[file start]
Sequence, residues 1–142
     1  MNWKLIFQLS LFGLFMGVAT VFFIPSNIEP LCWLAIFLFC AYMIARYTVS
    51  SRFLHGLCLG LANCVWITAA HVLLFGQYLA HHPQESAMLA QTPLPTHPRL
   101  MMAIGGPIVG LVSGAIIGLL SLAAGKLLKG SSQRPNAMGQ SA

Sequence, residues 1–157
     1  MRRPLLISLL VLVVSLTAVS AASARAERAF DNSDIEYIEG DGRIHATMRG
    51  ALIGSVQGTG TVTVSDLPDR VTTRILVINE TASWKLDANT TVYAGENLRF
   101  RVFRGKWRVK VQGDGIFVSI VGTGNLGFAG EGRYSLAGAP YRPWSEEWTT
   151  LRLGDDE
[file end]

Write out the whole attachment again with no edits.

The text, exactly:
Sequence, residues 1–142
     1  MNWKLIFQLS LFGLFMGVAT VFFIPSNIEP LCWLAIFLFC AYMIARYTVS
    51  SRFLHGLCLG LANCVWITAA HVLLFGQYLA HHPQESAMLA QTPLPTHPRL
   101  MMAIGGPIVG LVSGAIIGLL SLAAGKLLKG SSQRPNAMGQ SA

Sequence, residues 1–157
     1  MRRPLLISLL VLVVSLTAVS AASARAERAF DNSDIEYIEG DGRIHATMRG
    51  ALIGSVQGTG TVTVSDLPDR VTTRILVINE TASWKLDANT TVYAGENLRF
   101  RVFRGKWRVK VQGDGIFVSI VGTGNLGFAG EGRYSLAGAP YRPWSEEWTT
   151  LRLGDDE